Dahlia and the Blue Iguana Garden

Dahlia and the Blue Iguana Garden

A mini orchid floats in my Cayman Punch. Actually that’s about all the flower gazing I have planned for this beach trip. Yet, through the haze of mid-day drinks and the occasional dip in the ocean, a floral cocktail garnish is enough to rouse my rum-soaked garden gene out of its stupor and into action.

Admittedly, most of my garden-hopping exploits are mapped out with about as much precision as a St. Paddy’s Day pub-crawl– long on fun, short on planning. This spontaneous way of stalking gardens makes for my most memorable adventures–just like a last-minute blind date–Hello garden, my name is Kim, tell me your secrets and I’ll tell you mine.

Grand Cayman Island, famous for its aquamarine waters and sheltering vast fortunes, also has other hidden treasures: among them, the Queen Elisabeth II Botanic Park and a cab driver named Dahlia—I’m lucky to have discovered both. More a gifted tour guide than a mere cabbie, Dahlia’s roots dig eight generations deep into Caymanian soil. Unlike some limp varieties of her floral namesake, this Dahlia stands strong and proud—no staking required!

Dahlia catches the vibe of my garden-marauding ways and begins to deliver her entertainment like the Jimmy John’s guy in reverse—freaky slow but with a genuine island-friendly ease. “Sugar, you gotta take the sceeeenic route,” which I learn means the long way in Caymanese. Grabbing the front seat beside her, I listen as Dahlia begins a melodic dissertation about her beloved island and the garden she’s taking me to see.

They paved paradise and put up a parking lot.

Joni Mitchell’s lyrics hang out in my head as Dahlia recites the complete history of plunder: explorers, pirates, developers, tourists and various other miscreants, were slowly transforming the natural beauty of the island into one giant Kroger parking lot. But, by the early 1980’s, the National Trust closed ranks and establish a garden to protect the vanishing treasures of the island’s indigenous flora and fauna.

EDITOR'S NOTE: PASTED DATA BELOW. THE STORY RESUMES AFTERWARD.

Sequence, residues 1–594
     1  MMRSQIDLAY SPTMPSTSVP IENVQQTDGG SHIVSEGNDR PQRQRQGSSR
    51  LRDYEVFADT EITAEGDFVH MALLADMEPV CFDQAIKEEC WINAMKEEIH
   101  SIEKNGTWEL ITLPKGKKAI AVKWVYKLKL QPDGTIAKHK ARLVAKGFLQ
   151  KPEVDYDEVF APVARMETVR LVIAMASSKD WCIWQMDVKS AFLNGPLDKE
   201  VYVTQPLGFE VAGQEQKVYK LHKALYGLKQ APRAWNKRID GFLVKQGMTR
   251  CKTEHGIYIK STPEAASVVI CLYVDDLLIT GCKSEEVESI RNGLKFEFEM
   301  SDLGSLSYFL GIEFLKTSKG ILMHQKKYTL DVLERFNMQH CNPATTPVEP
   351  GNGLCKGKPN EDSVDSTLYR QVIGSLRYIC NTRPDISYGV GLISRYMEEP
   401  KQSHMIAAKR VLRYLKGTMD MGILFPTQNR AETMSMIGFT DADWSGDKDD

The Grand Cayman Shoe Tree.

The Grand Cayman Shoe Tree.

Without notice, Dahlia pulls over to point out a unique horticultural treat—the famous Cayman Shoe Tree. While plentiful on the island, not all towering Casuarina Pines are alike. This one serves as a time capsule of Easter celebrations past: where islanders traditionally camp out under the stars but often leave shoes behind in the wake of their resurrection revelry. The result? A Chagall-like mosaic made up of a thousand pastel rubber flip-flops. “Cool, eh?” prompts Dahlia. Oh, Yeah mon, ridiculously cool.

Every garden has its own mojo: some cheery, some demure, others as moody and musky as an old Orthodox Church. I love them all and couldn’t possibly choose a favorite. This garden clearly puts out its own deliciously steamy and exotic vibe; one I’m sure didn’t exist back in 1994 when Her Majesty Queen Elizabeth II showed up in her pearls and pumps for the official opening.

The Garden's Red Powder Puff leaves Kim speechless.

The Garden’s Red Powder Puff leaves Kim speechless.

Off on an Adventure

But now, beneath a sultry canopy of trees and vines, a 65-acre concoction of exotic garden rooms beckon. Flaming Nicki Minaj hairdos dangle from Red Wax Ginger. Plants with naughty common names like Tittie Molly and Pokemeboy grace the Medicinal and Sand Gardens. And what garden seduction is complete without a bit of folklore to juice things up? “Tell me something nobody else knows about this garden,” I beg Marilyn, an employee with a history of her own—she’s been with the garden since the start and even met the Queen! “ Well,” she whispers back with all the drama of someone burdened with a heavy secret, “some say it’s built on the ground of an ancient tribal conflict.”
This revelation might explain some of the garden’s strange magic, but nothing prepares me for the prehistoric dragon with hacky-sack jowls heading my way. There’s no mistaking the celebrated Blue Iguana. The nearly extinct creatures roam the garden’s pine paths freely thanks to the National Trust’s program to repopulate the island. Like many reptiles, these guys are walking mood rings.

The blue iguana.

The blue iguana.

In the sun they turn the color of stonewashed denim and under cloudy skies they chill to a more erotic Fifty Shades of Grey.
Skipping the Woodland Trail (and the chance of further iguana encounters), I inhale the last bit of garden elixir and head for the car. With Ghost Orchids and Bismarck Palms still on my mind, Dahlia and I ride quietly together retracing the jagged coastal road. Gently, Dahlia breaks the garden’s spell and resumes her delightful role as tour guide: “Maybe you should try some turtle while you’re here,” she says in her friendly island lilt. “It tastes just like chicken.”